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Bunnings Signs New National Living Wage Deal While Mitre 10 Lags Behind

Bunnings workers are leading the way in the hardware sector after signing a new national Collective Agreement that will see all existing and new staff earning at least a living wage, and it’s time for competitors who have fought against their own staff like Mitre 10 to step up and accept the effective wage floor in retail rates before the public deserts them, FIRST Union said today.

FIRST Union members at Bunnings have been in negotiation with the company since their last agreement expired in 2020, and delegates successfully argued that a living wage for all workers at the hardware chain should be a minimum expectation in 2021.

"Bunnings staff have been busier than ever since the first wave of the pandemic, and we’ve heard that their workloads have never quite returned to ‘normal’ again - I’m thrilled that they will now be fairly paid for the work they do," said Tali Williams, FIRST Union Secretary for Retail, Finance and Commerce.

"Our 'Healthy Staffing, Healthy Stores' campaign has focused on fair pay and safe conditions across the retail sector, and Bunnings workers have done an amazing job in confronting remuneration, staffing levels and secure hours as part of the negotiating process - all three aspects are now being proactively dealt with in the new Collective Agreement."

"Bunnings are also the first major retail employer of the year to sign a new deal that includes the new and updated living wage of $22.75 for staff who’ve worked there more than twelve months come September."

But Ms Williams said that other brands in the retail industry like Cotton On and H&M were actively fighting against their own staff over similar living wage bargaining in 2021, singling out Bunnings’ direct competitor, Mitre 10, as a franchise model that is lagging behind the industry norm and acting punitively against union members who have sought anything more than the minimum wage.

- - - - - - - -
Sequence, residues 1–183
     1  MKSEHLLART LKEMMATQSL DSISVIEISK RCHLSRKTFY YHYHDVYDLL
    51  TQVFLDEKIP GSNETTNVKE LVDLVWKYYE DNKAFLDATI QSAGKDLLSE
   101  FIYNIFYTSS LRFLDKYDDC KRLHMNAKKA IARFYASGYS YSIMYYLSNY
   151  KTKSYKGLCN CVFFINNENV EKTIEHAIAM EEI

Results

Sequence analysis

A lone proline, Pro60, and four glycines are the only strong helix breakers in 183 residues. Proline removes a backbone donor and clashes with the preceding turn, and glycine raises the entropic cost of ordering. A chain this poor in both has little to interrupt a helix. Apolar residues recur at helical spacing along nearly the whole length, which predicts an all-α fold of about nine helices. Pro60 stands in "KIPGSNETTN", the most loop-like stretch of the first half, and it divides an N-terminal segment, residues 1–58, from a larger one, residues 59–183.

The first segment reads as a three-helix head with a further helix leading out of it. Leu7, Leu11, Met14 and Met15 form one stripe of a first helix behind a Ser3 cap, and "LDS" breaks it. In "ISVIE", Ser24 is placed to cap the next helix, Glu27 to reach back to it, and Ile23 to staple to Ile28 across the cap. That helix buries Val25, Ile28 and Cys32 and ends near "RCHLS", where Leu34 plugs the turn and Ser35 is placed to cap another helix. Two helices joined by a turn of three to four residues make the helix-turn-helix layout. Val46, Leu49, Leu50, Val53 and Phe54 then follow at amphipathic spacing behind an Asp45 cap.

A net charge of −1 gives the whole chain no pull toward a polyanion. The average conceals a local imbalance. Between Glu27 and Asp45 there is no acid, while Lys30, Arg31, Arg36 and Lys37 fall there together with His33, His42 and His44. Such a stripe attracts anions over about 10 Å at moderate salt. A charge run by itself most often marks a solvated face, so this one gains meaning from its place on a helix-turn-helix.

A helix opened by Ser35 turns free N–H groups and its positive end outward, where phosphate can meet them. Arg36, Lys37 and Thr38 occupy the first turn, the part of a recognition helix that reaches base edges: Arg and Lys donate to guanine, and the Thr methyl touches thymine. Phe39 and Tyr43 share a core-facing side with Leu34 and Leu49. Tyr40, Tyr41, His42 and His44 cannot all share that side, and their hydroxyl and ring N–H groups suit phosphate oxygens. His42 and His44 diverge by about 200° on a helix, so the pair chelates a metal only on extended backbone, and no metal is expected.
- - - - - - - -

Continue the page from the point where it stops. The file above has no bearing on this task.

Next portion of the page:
"It’s a shame to point to wider failings in the industry on a day of celebration for Bunnings workers, but this deal shows us a clear contrast between a business that is looking forward and one that is looking backwards," said Ms Williams.

"While Bunnings workers were negotiating this deal, union members at Mitre 10 in Auckland at the Riviera group of stores were and are still locked into fruitless negotiations with an owner determined to stymie fair bargaining and drive wages down."

"It’s time retail employers who are not paying a living wage took a moment to reflect on the huge profits made in the sector despite the pandemic, and truly consider the people on the shop floor who make that windfall every year for the company."

"It’s FIRST Union’s aim to cement the living wage as the current wage floor in the sector, and we are looking forward to the day that Fair Pay Agreements can enshrine that in law and end the nonsensical disparities between people who work for different brands or in different cities and earn vastly different pay packets despite doing the same job as each other."

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